ANAHEIM -- It's an Opening Day tradition at Safeco Field that touches hearts every year, the sight of a Make-A-Wish child running the bases before the first pitch and reaching home plate to the open arms of several Mariners players to help start a new season.But Monday afternoon, it'll be
ANAHEIM -- It's an Opening Day tradition at Safeco Field that touches hearts every year, the sight of a Make-A-Wish child running the bases before the first pitch and reaching home plate to the open arms of several Mariners players to help start a new season.
But Monday afternoon, it'll be a particularly poignant moment for Felix Hernandez when he greets 8-year-old Sophia Robinson at the end of her 360-foot journey in front of 45,000 fans moments before Seattle faces Houston in its 2:10 p.m. PT home debut.
The Mariners star met the youngster from Anchorage, Alaska, four years ago as part of a previous Make-A-Wish arrangement when she and her family asked if they could get the chance to meet some players before a regular-season game at Safeco Field.
Hernandez embraced the tiny girl who was dealing with a life-threatening heart condition, getting down in the warning track dirt that day to draw figures with her in front of the dugout and later entertaining her in the clubhouse and players' dining room.
"I remember we had a competition about eating corn dogs," Hernandez recalled with a smile. "That was fun. She won."
But Hernandez didn't leave it at that. The Mariners' ace kept in contact with Sophia and her family. He's had them over to his house for dinner in Seattle when they've returned from frequent hospital stays, and he's maintained a friendship with Sophia that now includes regular texting back and forth.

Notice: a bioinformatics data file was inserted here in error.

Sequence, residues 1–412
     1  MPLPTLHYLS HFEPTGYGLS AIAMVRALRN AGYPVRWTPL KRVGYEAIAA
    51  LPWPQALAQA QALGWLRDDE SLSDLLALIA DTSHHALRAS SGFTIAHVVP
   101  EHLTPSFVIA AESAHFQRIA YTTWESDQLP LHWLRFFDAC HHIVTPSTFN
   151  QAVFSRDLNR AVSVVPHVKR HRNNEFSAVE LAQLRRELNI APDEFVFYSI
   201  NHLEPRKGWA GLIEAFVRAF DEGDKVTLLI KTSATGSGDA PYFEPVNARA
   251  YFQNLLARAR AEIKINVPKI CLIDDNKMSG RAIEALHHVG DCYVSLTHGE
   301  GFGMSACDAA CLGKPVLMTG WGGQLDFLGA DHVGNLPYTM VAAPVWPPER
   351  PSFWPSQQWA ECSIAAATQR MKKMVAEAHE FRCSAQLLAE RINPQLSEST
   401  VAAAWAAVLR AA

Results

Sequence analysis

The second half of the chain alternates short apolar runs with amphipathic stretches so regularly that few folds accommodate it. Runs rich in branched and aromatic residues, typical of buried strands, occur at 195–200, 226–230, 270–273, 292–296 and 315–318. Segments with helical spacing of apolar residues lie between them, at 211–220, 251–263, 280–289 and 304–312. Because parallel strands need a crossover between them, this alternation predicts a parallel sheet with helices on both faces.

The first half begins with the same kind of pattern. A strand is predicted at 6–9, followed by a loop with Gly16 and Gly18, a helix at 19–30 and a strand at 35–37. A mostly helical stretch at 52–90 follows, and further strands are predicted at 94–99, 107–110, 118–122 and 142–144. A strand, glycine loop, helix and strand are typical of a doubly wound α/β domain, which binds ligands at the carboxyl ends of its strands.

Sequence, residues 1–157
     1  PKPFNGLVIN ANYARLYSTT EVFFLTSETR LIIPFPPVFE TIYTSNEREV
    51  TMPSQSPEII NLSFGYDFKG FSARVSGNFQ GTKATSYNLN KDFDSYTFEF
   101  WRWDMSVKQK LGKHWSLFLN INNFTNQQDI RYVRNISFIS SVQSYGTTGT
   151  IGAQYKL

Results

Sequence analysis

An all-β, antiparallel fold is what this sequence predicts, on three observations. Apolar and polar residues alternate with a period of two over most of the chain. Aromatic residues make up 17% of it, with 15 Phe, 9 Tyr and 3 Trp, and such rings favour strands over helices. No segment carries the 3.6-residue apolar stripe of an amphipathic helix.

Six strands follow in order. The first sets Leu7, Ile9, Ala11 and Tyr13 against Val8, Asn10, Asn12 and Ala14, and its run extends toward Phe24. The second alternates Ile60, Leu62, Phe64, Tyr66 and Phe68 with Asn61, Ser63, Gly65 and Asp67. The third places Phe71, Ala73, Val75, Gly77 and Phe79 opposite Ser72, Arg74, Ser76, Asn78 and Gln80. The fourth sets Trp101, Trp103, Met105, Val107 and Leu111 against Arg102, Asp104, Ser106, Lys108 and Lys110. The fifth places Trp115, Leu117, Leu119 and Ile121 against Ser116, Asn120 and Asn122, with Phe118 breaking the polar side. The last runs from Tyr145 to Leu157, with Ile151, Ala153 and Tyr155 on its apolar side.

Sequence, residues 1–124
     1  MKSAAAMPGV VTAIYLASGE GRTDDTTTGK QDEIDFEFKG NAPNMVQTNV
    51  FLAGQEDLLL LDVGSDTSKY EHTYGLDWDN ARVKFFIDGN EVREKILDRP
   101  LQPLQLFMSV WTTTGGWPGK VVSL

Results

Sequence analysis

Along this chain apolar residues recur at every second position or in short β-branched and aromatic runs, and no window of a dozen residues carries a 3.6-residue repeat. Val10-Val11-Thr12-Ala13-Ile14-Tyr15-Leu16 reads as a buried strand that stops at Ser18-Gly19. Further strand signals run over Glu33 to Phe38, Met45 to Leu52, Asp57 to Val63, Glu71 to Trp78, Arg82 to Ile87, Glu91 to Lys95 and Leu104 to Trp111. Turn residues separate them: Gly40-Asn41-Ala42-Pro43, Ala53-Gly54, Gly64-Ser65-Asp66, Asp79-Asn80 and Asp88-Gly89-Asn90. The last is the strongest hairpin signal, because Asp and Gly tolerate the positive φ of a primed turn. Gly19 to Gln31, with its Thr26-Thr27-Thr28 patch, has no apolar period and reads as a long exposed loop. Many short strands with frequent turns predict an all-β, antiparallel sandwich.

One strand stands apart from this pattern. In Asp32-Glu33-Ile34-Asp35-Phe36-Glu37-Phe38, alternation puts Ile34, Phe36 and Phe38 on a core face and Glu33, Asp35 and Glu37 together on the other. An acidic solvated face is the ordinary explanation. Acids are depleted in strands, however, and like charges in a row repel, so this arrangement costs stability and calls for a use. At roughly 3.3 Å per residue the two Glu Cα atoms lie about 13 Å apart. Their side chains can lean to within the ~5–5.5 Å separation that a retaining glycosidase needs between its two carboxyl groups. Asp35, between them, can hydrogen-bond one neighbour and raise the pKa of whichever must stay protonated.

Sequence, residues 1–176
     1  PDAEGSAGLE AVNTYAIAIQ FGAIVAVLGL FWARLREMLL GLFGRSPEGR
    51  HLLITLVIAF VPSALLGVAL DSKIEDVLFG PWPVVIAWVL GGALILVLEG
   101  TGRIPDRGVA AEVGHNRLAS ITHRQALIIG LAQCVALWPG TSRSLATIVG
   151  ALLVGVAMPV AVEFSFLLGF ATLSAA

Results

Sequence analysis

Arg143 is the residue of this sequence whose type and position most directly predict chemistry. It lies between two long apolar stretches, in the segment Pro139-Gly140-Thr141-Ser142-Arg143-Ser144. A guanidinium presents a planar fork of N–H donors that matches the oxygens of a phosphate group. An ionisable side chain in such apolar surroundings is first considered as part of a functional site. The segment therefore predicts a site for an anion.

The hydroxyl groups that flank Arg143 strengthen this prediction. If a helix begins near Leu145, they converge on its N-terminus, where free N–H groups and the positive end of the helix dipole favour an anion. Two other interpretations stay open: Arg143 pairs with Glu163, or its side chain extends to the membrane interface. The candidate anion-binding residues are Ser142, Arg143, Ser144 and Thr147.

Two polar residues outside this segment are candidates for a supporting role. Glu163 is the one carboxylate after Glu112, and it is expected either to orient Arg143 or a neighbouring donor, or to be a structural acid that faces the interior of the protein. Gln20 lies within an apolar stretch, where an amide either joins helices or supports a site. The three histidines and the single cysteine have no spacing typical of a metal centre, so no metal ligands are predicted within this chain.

And, no, they're not discussing how Hernandez might be pitching or performing.
"We text a lot. Pretty much every week," Hernandez said. "We talk about life. That's all we talk about."
And that's a pretty special relationship for a girl who has undergone six heart surgeries and is due for a seventh as she deals with ventricular septal defect, a congenital hole in the heart, as well as a narrowing of the aorta that carries blood to her organs.
"We'll be friends forever. She's a strong girl," said Hernandez. "She's very special."
And so is the bond the 31-year-old Hernandez has formed with a family that appreciates the effort all the Mariners have made to help.
"You could tell they were truly impacted and interested in her," said Talia Robinson, Sophia's mom. "When you had a 6-foot-3, 230-pound guy making faces to make her smile, it made my heart melt."
Hernandez, a father of two himself, understands that feeling. And he'll be thrilled to greet his little friend with open arms as she crosses home plate on Monday afternoon.
"Being somebody I know, that's going to make it even more special," Hernandez said. "She's unbelievable. I'll just be waiting for her. She's going to be very happy."
Greg Johns has covered the Mariners since 1997, and for MLB.com since 2011. Follow him on Twitter [
@GregJohnsMLB]() and listen to his podcast.